It seems that in this case by Sparta the chronicler meant the capital of the Despotate Mistra or the whole territory of the state. The first fortress that was sold to the Hospital was Corinth. Situating on the Isthmus connecting the Peloponnessos peninsula with the continent it was some kind of a barrier against the Turkish incursions into it. The Knights of Rhodes garrisoned the fortress and succesfully repelled the attacks of the Bayezidʼs forces against it. From 1397 to 1402 there were several Turkish invasions against greek Morea and after every blow despot Theodore became more and more inclined to sell the Hospitallers more of his fortresses. At the end of this period he even sold them his capital Mistra and moved his court in Monemvasia. But again the Knights had some internal problems in Greece which they couldnʼt solve – and maybe that was because their resources in the Balkans were limited and during that time in the West Europe was the so called Great Schism and they lacked the necessary help.


     Most of all in the middle of 1402 the forces of Bayezid Yilidirim were crushed at Ankara by the legendary Asiatic military leader – the lord of Samarkand Timur Leng or Tamerlane, who claimed his origin from the descendants of Chingis Khan. Then, the Ottoman advance temporarily stopped and the siege over the Byzantium has been raised. Despot Theodore bought back his lands and castles from the Hospital. One last try for the Knights to build their stronghold in continental Greece was their attempt to use the rights that the treaty with the new Ottoman sultan Suleiman gave them over the County of Salona on the north side of the Corinthian gulf – one evidence for that is the Chronicle of Galaxidi – but this attempt was unsuccessful eventually.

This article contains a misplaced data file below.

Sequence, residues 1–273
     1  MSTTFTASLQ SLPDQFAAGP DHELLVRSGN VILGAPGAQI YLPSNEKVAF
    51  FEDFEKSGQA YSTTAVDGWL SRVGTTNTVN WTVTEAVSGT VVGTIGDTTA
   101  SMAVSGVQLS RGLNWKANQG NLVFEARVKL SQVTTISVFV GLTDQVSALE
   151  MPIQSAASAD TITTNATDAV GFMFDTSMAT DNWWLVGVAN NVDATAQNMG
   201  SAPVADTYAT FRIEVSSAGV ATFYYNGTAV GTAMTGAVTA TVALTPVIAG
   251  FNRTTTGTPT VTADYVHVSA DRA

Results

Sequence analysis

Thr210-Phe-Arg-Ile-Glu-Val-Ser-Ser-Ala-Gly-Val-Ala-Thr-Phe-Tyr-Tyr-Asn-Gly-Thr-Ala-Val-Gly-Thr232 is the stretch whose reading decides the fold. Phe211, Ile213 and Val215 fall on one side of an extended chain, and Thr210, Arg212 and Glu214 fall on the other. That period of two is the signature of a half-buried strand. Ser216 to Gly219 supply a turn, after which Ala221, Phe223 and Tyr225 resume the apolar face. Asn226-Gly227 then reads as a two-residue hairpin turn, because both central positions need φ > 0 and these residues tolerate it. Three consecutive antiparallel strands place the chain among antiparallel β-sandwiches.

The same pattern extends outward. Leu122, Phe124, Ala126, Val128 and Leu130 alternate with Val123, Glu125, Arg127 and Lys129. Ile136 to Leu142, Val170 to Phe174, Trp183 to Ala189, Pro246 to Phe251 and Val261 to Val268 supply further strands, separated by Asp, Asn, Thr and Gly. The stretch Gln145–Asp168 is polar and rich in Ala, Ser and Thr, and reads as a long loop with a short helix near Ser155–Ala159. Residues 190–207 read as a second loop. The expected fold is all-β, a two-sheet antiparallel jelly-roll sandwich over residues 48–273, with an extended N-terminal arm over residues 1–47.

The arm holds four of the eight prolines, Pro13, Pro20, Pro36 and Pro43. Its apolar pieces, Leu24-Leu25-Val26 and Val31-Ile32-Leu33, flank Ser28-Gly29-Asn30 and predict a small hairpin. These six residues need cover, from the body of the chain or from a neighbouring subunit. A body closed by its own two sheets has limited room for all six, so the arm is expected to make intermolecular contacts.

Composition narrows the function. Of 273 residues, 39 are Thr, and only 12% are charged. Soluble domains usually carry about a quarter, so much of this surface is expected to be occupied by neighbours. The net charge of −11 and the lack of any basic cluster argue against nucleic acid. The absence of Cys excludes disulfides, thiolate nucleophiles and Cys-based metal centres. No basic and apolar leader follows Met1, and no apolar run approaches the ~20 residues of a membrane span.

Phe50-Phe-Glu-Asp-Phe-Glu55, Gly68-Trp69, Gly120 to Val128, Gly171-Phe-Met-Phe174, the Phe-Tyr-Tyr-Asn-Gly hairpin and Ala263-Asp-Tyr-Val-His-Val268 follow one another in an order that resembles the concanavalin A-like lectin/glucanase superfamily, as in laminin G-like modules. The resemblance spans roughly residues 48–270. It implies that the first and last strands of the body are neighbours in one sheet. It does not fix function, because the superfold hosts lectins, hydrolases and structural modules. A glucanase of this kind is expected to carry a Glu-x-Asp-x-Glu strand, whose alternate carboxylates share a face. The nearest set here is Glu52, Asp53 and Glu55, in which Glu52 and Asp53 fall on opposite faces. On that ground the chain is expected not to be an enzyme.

Up until the end of his mastership (1421) fra Philibert de Naillac stayed in the East and was a strong supporter of the crusading policy, so the Knights Hospitaller continued their activity against the advance of the (so called) infidels that were the Turks and the Egyptian Mamelukes in the Aegean and Eastern Mediterranean. After Tamerlane captured Smyrna they built a new strong castle on the Anatolian coast, called St. Peter (pr. Bodrum). They offered the Venetians to re-fortify the abandoned island of Tenedos at the mouth of  Dardanellas but the proposal was rejected because of the still continuing enmity between Genoa and Venice and their unsolved contradictions about this strategic place.



     The Order of St. John definitely had its place as a factor of Balkan politics during the first half of its stay on Rhodes (1306-1421). In one or another period it has been the ruler of much of the Peloponnessos, the Isthmus and tried to win control over other territories such as parts of Epiros, north Aegean islands etc. Most of all its crusading policy and support of the Christian powers in the region turned the Hospital into one of the significant factors in the fate of the Balkan peninsula. An evidence for that is the famous treaty from Gallipoli in 1403 between the son of Bayezid Suleiman and the local Christian powers. In the text of the treaty the name of Knights Hospitaller was posιtioned at second place – immediately after the Byzantine emperor – which is indicative for the importance that the Ottoman sultan attached to them.



Vladislav Ivanov was born on 28 of November 1979. He finished the High School of Classical Languages and Culture in Sofia, Bulgaria in 1998 and graduated as a Bachelor in Sofia University in 2003 and as a Master in 2007.
He is a PHD-candidate in History in the same university since the beggining of 2008. His main interest is the medieval Balkan history and especially the period between 14th and 16th C.